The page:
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Energy Group Rolls Out Fuel Economy Campaign

WASHINGTON, DC, March 28, 2003 (ENS) - The Alliance to Save Energy is urging Americans to demand major American automakers increase fuel economy in an effort to decrease the nation's growing dependence on foreign oil. The organization said that 5,000 Americans signed on to the Web campaign at http://www.driveforamerica.org within its first 24 hours.

The organization credits Ford, General Motors and DaimlerChrysler for announcing they will soon introduce hybrid electric vehicles, but wants people to join its campaign to pressure the automakers into fulfilling their promises.

"With cars and light trucks accounting for more than 40 percent of U.S. oil consumption, the Big Three automakers are uniquely positioned to help break our nation's deadly oil dependence," said David M. Nemtzow, president of the Alliance, a coalition of prominent business, government, environmental and consumers leaders who promote energy efficiency.

The Alliance is asking Americans to commit to reducing their own personal use of oil.

"For too long, our nation has been dangerously dependent on foreign oil, leaving our economy and our national security hostage to the whims of other, often hostile, nations," Nemtzow said.

The Drive for America campaign, he said, allows the United States to declare that "we will no longer tolerate being a nation of oil junkies."

The campaign cites growing oil imports, rising gas prices and their impact on national security interests. The U.S. imports more than half its oil from abroad, a figure the Alliance says could grow to two-thirds by 2025 if a new policy is not pursued.

"America can significantly increase the gas mileage of its cars, trucks, and SUVs by employing current and emerging automotive technologies such as hybrid electric vehicles," said Alliance Director of Policy Kara Saul Rinaldi. "This campaign tells America's automakers that Americans want more efficient vehicles and demand a change in our gluttonous oil consumption."

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Researchers Report New Insights Into World's Biggest Fungus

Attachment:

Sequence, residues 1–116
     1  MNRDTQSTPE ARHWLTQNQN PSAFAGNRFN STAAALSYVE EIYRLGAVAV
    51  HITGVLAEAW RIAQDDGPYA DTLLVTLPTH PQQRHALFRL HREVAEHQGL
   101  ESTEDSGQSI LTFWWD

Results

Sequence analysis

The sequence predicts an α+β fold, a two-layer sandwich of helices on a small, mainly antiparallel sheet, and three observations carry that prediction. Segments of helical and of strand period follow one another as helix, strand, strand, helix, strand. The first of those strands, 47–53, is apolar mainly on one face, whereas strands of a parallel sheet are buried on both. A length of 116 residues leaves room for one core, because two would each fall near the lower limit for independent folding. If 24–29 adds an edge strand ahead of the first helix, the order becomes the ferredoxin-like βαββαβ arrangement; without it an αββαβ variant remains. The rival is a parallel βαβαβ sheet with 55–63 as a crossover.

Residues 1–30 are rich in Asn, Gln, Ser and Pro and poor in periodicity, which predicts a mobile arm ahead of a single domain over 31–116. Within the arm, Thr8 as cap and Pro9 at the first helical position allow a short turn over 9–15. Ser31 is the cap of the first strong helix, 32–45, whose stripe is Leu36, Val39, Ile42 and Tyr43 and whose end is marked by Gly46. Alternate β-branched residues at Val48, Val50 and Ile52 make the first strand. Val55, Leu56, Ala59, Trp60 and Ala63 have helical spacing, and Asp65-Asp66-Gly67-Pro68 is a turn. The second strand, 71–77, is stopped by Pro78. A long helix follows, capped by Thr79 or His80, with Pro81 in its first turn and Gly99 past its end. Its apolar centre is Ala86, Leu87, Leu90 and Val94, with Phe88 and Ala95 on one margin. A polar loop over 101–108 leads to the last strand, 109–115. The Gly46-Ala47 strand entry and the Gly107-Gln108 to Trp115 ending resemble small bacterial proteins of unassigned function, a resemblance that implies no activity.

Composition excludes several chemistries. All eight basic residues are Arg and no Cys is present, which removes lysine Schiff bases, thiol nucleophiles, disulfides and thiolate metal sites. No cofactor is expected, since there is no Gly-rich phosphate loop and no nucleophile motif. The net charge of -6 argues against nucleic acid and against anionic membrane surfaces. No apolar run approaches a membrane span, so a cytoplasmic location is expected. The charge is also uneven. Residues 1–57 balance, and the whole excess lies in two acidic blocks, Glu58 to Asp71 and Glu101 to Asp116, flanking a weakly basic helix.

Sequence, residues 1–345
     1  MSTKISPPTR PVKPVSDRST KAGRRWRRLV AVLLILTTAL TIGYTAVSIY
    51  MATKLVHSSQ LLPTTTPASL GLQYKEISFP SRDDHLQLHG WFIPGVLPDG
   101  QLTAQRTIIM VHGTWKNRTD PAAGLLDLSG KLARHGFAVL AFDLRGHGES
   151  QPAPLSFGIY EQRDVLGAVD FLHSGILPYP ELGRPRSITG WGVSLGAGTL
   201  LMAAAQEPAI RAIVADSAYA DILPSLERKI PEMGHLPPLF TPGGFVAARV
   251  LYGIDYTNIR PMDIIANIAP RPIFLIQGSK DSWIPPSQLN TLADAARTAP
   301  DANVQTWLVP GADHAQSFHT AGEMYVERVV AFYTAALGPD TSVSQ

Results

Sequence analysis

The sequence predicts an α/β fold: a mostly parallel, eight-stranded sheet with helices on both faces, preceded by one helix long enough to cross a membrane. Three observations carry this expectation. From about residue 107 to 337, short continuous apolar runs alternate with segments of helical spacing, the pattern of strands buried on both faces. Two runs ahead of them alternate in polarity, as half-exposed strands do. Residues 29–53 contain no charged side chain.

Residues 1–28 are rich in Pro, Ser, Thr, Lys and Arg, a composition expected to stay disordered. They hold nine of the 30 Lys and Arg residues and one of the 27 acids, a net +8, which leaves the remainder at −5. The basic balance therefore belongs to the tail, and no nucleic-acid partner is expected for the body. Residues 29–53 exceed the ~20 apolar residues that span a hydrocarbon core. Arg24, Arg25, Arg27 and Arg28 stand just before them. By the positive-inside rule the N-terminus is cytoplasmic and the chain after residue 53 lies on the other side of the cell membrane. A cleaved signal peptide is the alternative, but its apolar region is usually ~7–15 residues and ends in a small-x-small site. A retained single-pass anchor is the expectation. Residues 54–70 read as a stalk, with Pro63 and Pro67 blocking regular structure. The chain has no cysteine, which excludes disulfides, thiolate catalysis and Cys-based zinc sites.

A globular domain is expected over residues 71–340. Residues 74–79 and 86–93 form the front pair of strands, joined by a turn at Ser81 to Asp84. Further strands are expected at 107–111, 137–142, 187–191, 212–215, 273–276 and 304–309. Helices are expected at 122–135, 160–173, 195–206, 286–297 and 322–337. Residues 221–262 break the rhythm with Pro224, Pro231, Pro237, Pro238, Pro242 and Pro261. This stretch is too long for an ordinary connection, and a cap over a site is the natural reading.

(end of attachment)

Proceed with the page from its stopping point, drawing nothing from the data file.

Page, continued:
OTTAWA, Ontario, March 28, 2003 (ENS) - U.S. and Canadian researchers say that the world's biggest fungus, discovered in Oregon's Blue Mountains in 2001, is challenging traditional notions of what constitutes an individual.

The underground Amarillaria ostoyae fungus covers an area of some 9.65 square kilometers and is estimated to be between 2,000 and 8,500 years old.

"It is one organism that began as a microscopic spore and then grew vegetatively, like a plant," says Dr. Catherine Parks, a research plant pathologist with the U.S. Forest Service and coordinator of the research team. "From a broad scientific view, it challenges what we think of as an individual organism."

In a new paper published in the April 2003 issue of the Canadian Journal of Forest Research, Parks and her research partners describe how they determined the fungus is a single organism and the potential implication for forest management.

Armillaria ostoyae is a tree killing fungus that causes Armillaria root disease, which spreads along tree roots and through the forest soil. The disease kills trees in many U.S. and Canadian forests. It harms or destroys some 3.8 million cubic meters of potential lumber annually in British Columbia.

Researchers mapped the range of the fungus and confirmed its genetic identity by collecting samples from different points in the forest and observing the reactions as they were grown together on Petri dishes, Parks explained.

"The technique is actually very simple, and makes use of this fungus' own ability to distinguish one individual from another," she said.

"If you could take away the soil and look at it, it is just one big heap of fungus with all of these filaments that go out under the surface," Parks explained. "The fact that an organism like this has been growing in the forest for thousands of years really expands our view of the forest ecosystem and how it functions."

The findings undermine the past belief that humans worsened the spread of Armillaria root disease by suppressing forest fires that are part of the natural cycle of renewal, the researchers reported.

The fungus is a natural participant in the forest cycle, Parks explained, and is often present in areas with little visible tree damage.

This has implications for selected cutting and for decisions by forest managers about what species to focus on during planting and harvesting.